The Films of Atom Egoyan Archives - Page 2 of 3 - Can't Stop the Movies
Can't Stop the Movies
28Jun/110

Atom Egoyan: Ararat (2002)

Enjoy the piece? Please share this article on your platform of choice using the buttons above, or join the Twitch stream here!

I could not get a copy of Felicia's Journey in time for today's Egoyan discussion so I am jumping one film ahead to 2002's Ararat.  Considering how horribly wrong I was about this movie on first viewing, I think it appropriate that I now have to get to it first.

"His pregnant sister was raped in front of his eyes before her stomach was slashed open to stab her unborn child.  His fathers eyes were gouged out of his head and stuffed into his mouth.  His mothers breasts were ripped out and she was left to bleed to death.  Who the fuck are you?"

I'm just another member of the audience.  I have to believe whatever truth is presented on the screen otherwise the whole effect of cinema comes tumbling down.  The truth presented above is but one version of how someone feels about the Armenian genocide.  It's spoken by an American actor, with no previous connection to any Armenian culture, who suddenly feels more passionately and directly than the historian with family losses who was hired to consult for the movie being made about the genocide.

The historian's version of the truth clashes with the actors'.  The actors' and historian's both clash with a co-star, who wants to believe that it didn't happen so he doesn't lose his pride as a Turk.  He's not wrong in wanting to lose that pride, and his truth is no less valid.  Those truths clash with the historian's son, who desperately needs to believe he's smuggling film back into Canada, his step-sister, whose father committed suicide after getting involved with the historian, or the aging security guard, who wants so desperately to believe his son may still be straight that he's willing to entertain the young smuggler in thinking what he has is really "film".  Then there's the old director, who wants to tell the story of the genocide in such a way that it blindsides everyone, including the historian.

21Jun/110

Atom Egoyan: The Sweet Hereafter (1997)

Enjoy the piece? Please share this article on your platform of choice using the buttons above, or join the Twitch stream here!

The camera slowly pans over a plank of wood.  We go along with it, uncertain of the destination or even where we are.  A soft green light follows along our vision as shadows dance over the stiff boards.  A flute chimes in slowly, joined by a lute and soft drums, leading us to a bed.  A man and a woman lie with their child, not a one ashamed of their nakedness, sleeping comfortably among the emerald and brown of their room.

We're intruding.  This is overwhelmingly obvious from the opening frames and reinforced throughout the entire film.  However they are feeling, we should not be here observing them in so naked a moment.  For a moment everything is perfect and our mere presence means that time must continue on and their peace must come to an end.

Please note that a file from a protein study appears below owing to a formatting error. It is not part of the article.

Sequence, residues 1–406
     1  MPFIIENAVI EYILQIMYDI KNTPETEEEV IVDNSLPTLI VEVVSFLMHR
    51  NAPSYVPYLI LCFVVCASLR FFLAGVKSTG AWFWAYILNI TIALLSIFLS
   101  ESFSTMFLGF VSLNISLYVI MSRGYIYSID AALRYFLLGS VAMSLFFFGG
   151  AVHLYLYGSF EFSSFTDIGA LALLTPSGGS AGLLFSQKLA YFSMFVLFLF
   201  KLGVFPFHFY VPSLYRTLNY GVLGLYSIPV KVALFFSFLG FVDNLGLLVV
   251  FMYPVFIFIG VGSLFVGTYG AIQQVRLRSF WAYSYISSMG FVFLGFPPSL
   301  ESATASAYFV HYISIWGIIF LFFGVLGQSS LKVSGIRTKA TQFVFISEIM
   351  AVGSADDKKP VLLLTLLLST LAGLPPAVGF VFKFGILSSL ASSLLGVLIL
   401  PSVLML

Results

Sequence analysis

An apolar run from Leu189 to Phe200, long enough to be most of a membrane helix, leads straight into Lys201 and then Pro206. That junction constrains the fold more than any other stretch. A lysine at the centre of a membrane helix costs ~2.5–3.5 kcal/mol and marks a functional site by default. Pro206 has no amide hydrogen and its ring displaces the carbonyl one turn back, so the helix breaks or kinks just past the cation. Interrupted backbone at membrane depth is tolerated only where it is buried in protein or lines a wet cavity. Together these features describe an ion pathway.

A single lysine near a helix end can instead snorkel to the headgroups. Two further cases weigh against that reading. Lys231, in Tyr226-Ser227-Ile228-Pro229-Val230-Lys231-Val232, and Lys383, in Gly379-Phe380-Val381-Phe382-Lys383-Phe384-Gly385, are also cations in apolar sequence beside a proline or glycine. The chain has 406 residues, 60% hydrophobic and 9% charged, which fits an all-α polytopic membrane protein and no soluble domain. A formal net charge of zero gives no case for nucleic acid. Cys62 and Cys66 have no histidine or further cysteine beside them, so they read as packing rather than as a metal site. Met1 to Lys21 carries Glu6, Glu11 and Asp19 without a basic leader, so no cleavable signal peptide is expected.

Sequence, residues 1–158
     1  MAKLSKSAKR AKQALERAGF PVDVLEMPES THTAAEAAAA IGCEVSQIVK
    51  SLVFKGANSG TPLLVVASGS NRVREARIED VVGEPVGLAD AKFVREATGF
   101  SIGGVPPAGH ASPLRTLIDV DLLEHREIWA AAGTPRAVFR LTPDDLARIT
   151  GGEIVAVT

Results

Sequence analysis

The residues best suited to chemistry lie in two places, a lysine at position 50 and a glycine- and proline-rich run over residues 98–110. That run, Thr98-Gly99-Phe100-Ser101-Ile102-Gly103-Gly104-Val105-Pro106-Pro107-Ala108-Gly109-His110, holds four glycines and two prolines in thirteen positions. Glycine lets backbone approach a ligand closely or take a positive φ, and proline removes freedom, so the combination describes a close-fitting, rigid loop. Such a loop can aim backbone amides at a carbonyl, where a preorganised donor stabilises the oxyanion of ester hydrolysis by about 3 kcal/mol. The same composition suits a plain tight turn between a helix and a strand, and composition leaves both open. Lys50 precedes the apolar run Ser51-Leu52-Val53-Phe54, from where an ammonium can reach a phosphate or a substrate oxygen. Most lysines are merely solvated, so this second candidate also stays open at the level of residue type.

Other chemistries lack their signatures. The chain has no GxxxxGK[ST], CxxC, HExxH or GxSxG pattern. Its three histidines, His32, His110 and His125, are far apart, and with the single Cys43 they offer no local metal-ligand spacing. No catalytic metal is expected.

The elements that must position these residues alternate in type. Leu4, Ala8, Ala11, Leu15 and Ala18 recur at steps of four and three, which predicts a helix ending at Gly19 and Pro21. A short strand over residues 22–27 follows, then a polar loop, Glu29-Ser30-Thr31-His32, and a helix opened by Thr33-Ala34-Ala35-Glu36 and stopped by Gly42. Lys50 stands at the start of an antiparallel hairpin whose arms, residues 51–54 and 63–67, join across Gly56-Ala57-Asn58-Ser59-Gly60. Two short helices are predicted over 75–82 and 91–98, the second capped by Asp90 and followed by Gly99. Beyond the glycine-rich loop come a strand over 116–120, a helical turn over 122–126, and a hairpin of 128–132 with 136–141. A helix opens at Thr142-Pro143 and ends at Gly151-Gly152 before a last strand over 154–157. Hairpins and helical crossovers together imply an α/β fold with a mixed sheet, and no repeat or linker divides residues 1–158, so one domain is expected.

14Jun/110

Atom Egoyan: Exotica (1994)

Enjoy the piece? Please share this article on your platform of choice using the buttons above, or join the Twitch stream here!

Andrew COMMENTARY

"I'll kiss it and the pain will go away."

When was the first time that you heard that?  For me, it was from my parents.  It was after ants swarmed up my leg and decided to bite my leg in unison.  Why I was there was my own fault, I was curious what they might do and I was young.  But the pain remained.  It lingered until the last bumps faded away and my memories still remain.

7Jun/110

Atom Egoyan: Calendar (1993)

Enjoy the piece? Please share this article on your platform of choice using the buttons above, or join the Twitch stream here!

Andrew COMMENTARYToo much self-reflection can be a bad thing.  Egoyan's movies have, in some sense, used technology as an exploration of identity as well as that statement.  Everyone thinks about how they appear on the screen, how they sound, if their movements are in the right direction, and how they can reposition themselves to appeal better to others.  They're so reflected on the self that they forget to project something to others.

31May/110

Atom Egoyan: The Adjuster (1991)

Enjoy the piece? Please share this article on your platform of choice using the buttons above, or join the Twitch stream here!

Andrew COMMENTARYThere's not a single character in The Adjuster that hasn't constituted their entire reality on the basis of how someone else looks at them.  There have been hints that Egoyan was going to make a film that pushes the deconstruction of identity this far, but to this point it was kept somewhat under control.  At least with Speaking Parts I was able to see the fragments of individuals and what they really want, The Adjuster just provides us with people with no initial entrance or exit point.